Online video has seen a great deal of change in its 17-plus years of existence. From the format wars of years past to the current evolution of AVC to HEVC, one thing is evident: change is constant. This isn’t necessarily a bad thing. Change often means that you are adapting to new trends - maybe even setting them. Change could mean that you are innovating and creating new value and relevance for your customers who use your product. Change could also mean that your organization is becoming part of another - or that someone has invested in your business and you are now somewhat obligated to them in how you run your business. Change can have impact, both good and maybe not so good.
When you have change, consistency must be in imminent proximity. Change without consistency is often troublesome and potentially disastrous to any organization. When you introduce change to culture, product roadmap and customer/colleague touch points, consistency is the rudder that keeps things moving in the same direction. I’m familiar with this, having been acquired twice as part of the staff at two video-centric companies that became part of two larger organizations. Acquisitions can be disruptive and complicated. All too often, the end result isn’t the outcome you’d planned for - whether you’re the customer or employee.
Dance partners disappearing
It would be an understatement to say that there has been lots of change in the video space over the past several years. From Verizon to Google to IBM, plenty of large companies looking to bolster their tools, offerings and market position have gobbled up smaller companies you may or may not have heard of. And we are just a little more than one year removed from Amazon acquiring their way into the video workflow space. As I mention above, this all means that the market is consolidating. Sure, there are still ambitious people out there who will look at video workflow from a different direction - perhaps invent a better mousetrap and create a new approach - but the sheer number of viable options has thinned in the past 18 months.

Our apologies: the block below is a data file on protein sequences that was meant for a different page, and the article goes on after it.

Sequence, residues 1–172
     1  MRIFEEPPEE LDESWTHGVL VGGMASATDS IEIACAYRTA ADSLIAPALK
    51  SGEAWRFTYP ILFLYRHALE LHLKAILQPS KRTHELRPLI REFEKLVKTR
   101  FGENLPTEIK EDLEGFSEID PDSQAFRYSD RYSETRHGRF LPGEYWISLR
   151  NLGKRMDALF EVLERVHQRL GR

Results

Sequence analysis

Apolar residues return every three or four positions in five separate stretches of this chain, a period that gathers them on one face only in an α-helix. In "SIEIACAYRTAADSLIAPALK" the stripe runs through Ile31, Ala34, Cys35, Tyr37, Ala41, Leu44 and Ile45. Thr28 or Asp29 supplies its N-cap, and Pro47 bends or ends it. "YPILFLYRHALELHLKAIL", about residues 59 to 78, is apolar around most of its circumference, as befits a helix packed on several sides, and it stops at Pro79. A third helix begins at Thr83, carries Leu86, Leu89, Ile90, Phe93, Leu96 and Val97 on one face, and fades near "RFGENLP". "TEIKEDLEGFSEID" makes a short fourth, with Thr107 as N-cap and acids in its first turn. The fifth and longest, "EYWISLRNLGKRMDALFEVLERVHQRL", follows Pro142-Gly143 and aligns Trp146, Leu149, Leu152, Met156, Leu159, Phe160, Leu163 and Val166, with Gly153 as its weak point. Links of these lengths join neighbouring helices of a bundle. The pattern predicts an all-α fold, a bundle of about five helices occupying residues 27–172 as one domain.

How all this impacts you depends greatly upon how you view working with a small company versus a massive organization. And within that view lies the dynamic between a traditional vendor and customer versus one where both parties become partners in success. There is a big difference in the two. Let’s explore.
I can clearly recall a moment during my time at Yahoo! when I was about to sign off on a large scale software license that we had vetted extensively and were excited about how it would help grow our video processing pipeline. Turns out, the day after our transaction went through, I’m reading a technology news site only to find out that my newly hired vendor is being acquired by a larger company. Conversations ensued, and we were assured that things would be ‘business as usual’, but the untimely event spooked many of us and we were left feeling like a number on a spreadsheet and not a partner.